This is a great feel good story to be sure, but the hype surrounding the “mystery priest” seems like much ado about nothing.
[New London Fire Chief] Reed says Lentz was pinned in between the steering wheel and the seat. After 45 minutes passed, medical workers told rescue crews that Katie was failing and fast. That’s when Reed decided to move the car, which was standing on its side, back on all four wheels.
About an hour into the rescue, Katie asked rescue workers to pray out loud with her. That’s when a priest appeared out of no where.
“He came up and approached the patient, and offered a prayer,” Reed said. “It was a Catholic priest who had anointing oil with him. A sense of calmness came over her, and it did us as well. I can’t be for certain how it was said, but myself and another firefighter, we very plainly heard that we should remain calm, that our tools would now work and that we would get her out of that vehicle.”
Many religions use anointing oil in religious rituals and practices. The oil is a symbol, more or less, of divine influence and/or power. That is what makes this story so intriguing. A priest showing up at the scene of a horrific car crash and helping to calm the victim and the rescue workers is one thing, but this is something else. Notice that Chief Reed never states the priest used the oil, but the author of this piece certainly wants readers to make that connection.
After getting Katie safely into the Air Evac helicopter, at least a dozen of the rescue workers turned around to thank the priest who was no where in sight. The highway had been blocked for a quarter of a mile during the hour and a half rescue, leaving no bystanders and no parked cars nearby.
So the highway is blocked for a significant portion of the rescue, and nobody bothers to ask the priest how he managed to come upon the scene? And why would they let him just stroll up to vehicle wreckage?
I don’t doubt that a priest really was present at the scene of the crash. The article alludes to a rather divine entrance though, and that I do doubt. I find it far more reasonable to assume the priest was on foot and able to approach the accident scene undetected whilst the rescue workers were busy attempting to save the victim’s life.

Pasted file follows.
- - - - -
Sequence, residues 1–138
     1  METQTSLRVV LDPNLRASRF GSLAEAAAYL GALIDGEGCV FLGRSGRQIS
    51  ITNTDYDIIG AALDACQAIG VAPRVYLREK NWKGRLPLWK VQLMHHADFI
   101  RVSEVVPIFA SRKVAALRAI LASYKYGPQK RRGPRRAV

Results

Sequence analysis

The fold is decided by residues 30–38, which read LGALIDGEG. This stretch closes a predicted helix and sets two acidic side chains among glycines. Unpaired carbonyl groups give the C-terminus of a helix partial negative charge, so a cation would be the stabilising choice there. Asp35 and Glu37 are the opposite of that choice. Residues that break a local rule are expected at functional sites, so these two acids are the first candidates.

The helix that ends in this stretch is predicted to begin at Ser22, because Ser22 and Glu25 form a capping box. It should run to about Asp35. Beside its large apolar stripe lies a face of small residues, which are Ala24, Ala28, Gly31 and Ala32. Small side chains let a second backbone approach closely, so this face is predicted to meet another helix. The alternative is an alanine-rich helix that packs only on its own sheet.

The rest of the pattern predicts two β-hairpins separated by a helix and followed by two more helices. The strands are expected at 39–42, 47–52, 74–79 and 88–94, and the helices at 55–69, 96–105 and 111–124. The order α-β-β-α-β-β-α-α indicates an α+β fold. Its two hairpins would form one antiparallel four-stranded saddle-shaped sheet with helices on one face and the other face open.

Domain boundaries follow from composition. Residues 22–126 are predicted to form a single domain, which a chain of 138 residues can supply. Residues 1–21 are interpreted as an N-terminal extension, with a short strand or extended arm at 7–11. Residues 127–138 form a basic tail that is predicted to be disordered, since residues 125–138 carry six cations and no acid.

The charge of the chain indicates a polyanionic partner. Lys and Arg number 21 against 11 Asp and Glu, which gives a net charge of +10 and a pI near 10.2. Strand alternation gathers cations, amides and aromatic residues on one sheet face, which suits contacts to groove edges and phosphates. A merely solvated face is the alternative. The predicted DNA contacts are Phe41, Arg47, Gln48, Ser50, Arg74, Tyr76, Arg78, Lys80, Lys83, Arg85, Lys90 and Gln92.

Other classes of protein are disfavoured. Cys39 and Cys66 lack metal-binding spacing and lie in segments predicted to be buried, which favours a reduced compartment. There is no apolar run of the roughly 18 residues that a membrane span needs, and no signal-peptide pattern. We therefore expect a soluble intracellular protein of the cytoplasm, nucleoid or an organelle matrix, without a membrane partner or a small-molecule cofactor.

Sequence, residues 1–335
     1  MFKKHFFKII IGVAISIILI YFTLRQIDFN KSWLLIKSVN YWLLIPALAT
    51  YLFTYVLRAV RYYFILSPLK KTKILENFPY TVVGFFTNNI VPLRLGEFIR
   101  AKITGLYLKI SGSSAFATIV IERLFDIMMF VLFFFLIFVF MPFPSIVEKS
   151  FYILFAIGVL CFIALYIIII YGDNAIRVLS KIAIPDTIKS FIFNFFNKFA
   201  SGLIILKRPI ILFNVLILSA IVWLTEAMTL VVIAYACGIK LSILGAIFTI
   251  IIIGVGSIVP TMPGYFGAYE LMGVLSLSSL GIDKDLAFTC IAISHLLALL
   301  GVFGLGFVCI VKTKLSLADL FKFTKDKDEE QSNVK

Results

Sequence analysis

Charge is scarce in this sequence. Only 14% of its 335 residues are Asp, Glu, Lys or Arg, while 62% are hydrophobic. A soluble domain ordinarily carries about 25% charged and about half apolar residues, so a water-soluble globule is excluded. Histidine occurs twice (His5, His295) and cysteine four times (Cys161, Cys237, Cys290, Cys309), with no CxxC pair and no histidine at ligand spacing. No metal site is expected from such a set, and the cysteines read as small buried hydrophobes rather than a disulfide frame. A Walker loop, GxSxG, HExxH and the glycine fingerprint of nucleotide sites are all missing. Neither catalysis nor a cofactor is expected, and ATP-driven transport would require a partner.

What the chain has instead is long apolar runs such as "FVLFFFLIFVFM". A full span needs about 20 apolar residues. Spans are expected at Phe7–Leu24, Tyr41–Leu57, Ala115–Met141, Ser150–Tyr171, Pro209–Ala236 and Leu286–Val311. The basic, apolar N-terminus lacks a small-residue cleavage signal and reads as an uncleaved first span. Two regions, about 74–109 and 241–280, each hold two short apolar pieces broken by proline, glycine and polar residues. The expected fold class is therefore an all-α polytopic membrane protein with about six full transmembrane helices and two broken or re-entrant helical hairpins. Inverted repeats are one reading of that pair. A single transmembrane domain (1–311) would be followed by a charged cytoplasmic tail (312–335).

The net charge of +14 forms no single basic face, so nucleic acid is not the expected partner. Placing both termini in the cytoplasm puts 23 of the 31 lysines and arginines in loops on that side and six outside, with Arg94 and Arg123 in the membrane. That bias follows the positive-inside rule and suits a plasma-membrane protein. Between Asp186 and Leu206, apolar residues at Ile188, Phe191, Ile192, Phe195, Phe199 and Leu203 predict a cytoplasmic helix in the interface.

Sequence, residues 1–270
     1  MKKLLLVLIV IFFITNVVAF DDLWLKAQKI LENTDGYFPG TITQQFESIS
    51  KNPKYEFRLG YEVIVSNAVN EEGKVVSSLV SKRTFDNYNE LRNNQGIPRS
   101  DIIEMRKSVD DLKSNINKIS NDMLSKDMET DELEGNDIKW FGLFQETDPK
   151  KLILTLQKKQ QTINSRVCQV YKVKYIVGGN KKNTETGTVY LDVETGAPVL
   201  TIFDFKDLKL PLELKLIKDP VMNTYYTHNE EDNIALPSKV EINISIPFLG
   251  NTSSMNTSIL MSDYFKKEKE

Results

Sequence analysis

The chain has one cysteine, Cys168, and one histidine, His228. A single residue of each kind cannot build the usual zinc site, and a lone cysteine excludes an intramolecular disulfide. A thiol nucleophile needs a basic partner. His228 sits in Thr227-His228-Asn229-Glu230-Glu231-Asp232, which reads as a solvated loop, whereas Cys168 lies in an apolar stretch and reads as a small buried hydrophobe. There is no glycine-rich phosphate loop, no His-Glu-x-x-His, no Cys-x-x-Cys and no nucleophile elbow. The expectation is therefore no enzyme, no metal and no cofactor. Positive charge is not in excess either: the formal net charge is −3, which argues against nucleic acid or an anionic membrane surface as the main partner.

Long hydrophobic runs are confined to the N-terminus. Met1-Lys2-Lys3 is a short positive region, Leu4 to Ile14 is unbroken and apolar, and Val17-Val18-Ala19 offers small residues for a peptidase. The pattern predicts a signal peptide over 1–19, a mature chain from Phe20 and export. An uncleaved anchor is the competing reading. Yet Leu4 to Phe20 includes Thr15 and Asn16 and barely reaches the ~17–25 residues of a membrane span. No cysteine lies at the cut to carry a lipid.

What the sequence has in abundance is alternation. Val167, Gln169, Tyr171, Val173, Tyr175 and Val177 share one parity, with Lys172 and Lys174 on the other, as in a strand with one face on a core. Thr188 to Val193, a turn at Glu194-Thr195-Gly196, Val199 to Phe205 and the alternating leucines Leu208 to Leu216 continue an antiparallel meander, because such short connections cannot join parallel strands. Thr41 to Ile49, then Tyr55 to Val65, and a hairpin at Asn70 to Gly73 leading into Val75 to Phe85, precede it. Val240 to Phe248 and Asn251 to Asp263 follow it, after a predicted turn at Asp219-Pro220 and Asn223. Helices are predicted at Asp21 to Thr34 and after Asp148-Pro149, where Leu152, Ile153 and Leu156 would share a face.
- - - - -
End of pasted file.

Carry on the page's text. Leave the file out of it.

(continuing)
What do you think? Was this a guardian angel sent answering the victim’s prayers? Or was this a case of a priest being in the right place at the right time?
UPDATE (13-Aug-2013) The person has been identified and curiously, people misremembered things.
The mysterious priest who gave anointing to a Missouri woman trapped in her wrecked car has been identified as Father Patrick Dowling of the Diocese of Jefferson City.
Though the highway was blocked off, Father Dowling revealed he “did not leave with the other cars.” After parking as close as he could to the scene of the accident, he said he walked the remaining 150 yards.
“When the young lady asked that I pray her leg stop hurting, I did so. She asked me to pray aloud, and I did briefly,” he said.
But Father Dowling said he could not explain other mysterious events that coincided with his ministering at the accident scene.
“I didn’t say another word,” he said. “I did not say anything like the machinery would begin to work or they would succeed in getting her out of the car.”
The priest said, “That did not come from my lips, though two people heard it.”
So, we have some answers. The extraordinary situation seems less extraordinary but just fortuitous. The Reverend was doing his job. I suspect the remaining inconsistances can be resolved as a result of the chaos of the situation. No miracles here. Just people doing the right thing when called upon.